More so than with any other epidemic disease, cholera was blamed on its working-class victims. In 1842, a dilettante British reformer, Edwin Chadwick, published a Report on the Sanitary Conditions of the Labouring Population. The pamphlet sold 30,000 copies. ‘Riddled with middle-class moral judgments,’ the work served to titillate its upper-class readership with descriptions of ‘the moral turpitude of slum-dwellers,’ in the words of historian Phillip Harling.

Chadwick’s moralising was nothing new, but his was the most straightforward articulation of the elite’s self-righteousness in the face of cholera. He attributed the spread of the disease to the foul air excreted from the working class’s ‘bad habits’, which were in turn blamed on damage done to workers’ mental capacities — damage caused by the diseases these habits gave them — lacing his ideas with a fashionably eugenicist flourish.

Cholera rebels were acting out of bitter retaliation for misplaced blame. Their actions in Britain against the medical profession — the preserve of men like Chadwick — were because the doctors served as vectors of establishment scorn. Such blame was a constant in the handling of cholera crises: blame of the working class for their dead loved ones, blame of the working class for the mass graves of their neighbours.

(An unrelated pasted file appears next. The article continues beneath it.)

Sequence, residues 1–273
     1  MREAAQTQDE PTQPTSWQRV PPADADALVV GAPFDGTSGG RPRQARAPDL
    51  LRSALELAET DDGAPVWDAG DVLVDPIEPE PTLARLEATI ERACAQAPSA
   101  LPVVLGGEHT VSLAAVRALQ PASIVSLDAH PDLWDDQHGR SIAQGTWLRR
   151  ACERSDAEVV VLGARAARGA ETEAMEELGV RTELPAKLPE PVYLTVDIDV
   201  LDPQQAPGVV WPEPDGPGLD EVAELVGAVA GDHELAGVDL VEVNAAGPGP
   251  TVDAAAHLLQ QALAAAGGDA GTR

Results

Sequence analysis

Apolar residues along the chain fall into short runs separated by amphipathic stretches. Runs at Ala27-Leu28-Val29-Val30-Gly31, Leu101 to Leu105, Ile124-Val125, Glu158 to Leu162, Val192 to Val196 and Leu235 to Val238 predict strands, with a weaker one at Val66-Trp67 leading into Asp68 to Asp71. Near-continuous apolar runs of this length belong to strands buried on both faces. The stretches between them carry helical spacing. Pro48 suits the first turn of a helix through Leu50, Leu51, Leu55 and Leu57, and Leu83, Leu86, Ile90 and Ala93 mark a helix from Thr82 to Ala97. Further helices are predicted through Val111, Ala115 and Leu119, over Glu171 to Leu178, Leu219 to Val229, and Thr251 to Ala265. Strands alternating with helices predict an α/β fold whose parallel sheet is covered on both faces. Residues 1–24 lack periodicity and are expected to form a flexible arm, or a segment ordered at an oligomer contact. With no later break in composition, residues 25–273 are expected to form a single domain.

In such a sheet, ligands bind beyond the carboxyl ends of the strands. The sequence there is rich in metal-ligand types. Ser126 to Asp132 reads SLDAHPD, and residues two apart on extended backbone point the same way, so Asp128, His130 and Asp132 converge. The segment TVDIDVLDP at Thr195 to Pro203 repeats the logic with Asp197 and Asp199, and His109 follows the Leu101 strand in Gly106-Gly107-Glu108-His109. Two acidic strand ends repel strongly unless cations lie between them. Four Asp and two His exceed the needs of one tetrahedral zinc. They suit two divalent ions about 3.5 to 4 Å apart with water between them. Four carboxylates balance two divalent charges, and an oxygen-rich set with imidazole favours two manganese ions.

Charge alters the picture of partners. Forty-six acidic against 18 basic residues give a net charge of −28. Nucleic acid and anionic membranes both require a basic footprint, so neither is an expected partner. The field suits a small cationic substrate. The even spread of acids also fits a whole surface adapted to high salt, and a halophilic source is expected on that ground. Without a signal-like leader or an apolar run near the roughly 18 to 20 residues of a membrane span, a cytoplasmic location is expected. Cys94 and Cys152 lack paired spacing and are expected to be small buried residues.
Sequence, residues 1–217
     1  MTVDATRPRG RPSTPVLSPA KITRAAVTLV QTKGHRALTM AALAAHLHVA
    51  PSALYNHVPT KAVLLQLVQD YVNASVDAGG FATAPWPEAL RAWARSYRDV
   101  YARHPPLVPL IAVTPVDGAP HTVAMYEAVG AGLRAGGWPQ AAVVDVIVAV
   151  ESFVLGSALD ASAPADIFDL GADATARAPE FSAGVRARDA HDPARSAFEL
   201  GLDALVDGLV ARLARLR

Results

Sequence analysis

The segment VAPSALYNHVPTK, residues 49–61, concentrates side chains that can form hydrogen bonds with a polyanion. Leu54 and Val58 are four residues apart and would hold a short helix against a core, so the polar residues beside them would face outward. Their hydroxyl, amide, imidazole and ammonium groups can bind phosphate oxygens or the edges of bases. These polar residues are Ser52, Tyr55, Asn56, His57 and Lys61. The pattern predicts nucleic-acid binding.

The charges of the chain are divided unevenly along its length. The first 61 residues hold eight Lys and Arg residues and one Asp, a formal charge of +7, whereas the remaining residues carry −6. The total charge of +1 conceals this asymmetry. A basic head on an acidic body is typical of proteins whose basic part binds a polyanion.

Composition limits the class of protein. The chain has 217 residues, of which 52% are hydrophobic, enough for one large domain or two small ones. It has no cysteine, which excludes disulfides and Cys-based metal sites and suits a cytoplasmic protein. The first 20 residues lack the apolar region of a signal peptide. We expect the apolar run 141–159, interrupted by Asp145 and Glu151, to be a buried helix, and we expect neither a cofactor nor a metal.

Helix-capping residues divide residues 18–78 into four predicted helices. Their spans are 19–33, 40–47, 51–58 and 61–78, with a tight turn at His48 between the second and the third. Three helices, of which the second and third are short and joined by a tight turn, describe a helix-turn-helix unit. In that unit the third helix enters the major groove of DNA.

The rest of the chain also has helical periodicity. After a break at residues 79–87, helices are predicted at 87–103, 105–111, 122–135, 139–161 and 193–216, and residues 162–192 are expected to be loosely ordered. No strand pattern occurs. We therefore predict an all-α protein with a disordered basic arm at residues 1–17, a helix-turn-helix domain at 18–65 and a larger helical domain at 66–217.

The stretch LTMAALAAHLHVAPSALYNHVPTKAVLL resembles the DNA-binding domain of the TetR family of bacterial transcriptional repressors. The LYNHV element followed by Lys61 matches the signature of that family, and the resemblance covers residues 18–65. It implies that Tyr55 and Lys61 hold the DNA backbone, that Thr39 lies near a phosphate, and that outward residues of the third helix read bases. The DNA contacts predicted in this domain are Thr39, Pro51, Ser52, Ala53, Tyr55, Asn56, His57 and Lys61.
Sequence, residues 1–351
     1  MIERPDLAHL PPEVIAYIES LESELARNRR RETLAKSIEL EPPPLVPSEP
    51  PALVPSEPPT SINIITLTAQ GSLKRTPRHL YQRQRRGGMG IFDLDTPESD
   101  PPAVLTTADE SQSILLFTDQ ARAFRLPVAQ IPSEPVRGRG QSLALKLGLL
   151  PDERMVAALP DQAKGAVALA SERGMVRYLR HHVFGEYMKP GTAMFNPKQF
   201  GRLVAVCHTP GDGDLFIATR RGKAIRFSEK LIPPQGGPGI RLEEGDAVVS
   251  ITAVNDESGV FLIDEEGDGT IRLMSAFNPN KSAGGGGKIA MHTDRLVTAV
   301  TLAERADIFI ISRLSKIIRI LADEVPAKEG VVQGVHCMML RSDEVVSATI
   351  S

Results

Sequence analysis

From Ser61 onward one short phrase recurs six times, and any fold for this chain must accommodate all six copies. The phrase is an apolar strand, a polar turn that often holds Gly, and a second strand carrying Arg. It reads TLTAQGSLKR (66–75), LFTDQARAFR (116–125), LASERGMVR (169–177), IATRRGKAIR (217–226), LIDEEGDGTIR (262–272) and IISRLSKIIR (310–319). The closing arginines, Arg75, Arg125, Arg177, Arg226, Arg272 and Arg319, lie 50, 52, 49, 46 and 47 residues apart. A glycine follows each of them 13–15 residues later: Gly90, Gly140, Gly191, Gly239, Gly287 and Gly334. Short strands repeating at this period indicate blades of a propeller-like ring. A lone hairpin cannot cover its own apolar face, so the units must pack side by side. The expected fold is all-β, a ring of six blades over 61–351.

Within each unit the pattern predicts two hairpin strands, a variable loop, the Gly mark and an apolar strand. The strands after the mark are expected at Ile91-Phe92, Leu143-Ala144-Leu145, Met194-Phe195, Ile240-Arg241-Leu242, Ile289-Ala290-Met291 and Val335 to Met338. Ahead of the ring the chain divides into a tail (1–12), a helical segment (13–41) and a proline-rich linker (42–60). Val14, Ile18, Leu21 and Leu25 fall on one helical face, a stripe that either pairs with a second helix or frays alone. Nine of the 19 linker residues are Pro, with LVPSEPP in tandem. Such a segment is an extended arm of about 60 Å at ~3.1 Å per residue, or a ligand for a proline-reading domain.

Riots followed wherever workers refused to shoulder this guilt. Many of the rebel workers would have instinctively known that their conditions of work were their conditions of life, and that cholera was therefore the fault of their bosses. Despite this, the riots that occurred were without exception dislocated from any wider movements of struggle against the bourgeoisie.

But the uprisings did cast long shadows, all pointing in the direction of the dire living conditions endured by labour. Indeed, bourgeois interest in matters of sanitation is how Chadwick was able to sell so many pamphlets. In Britain and many other places, the first major public health ordinances — landmark steps towards the provision of clean drinking water, working sewage systems, and the appointment of medical officers — were, in large part, pursued as a means of protecting the political order against plebeian violence of the kind exacted by the cholera rebels.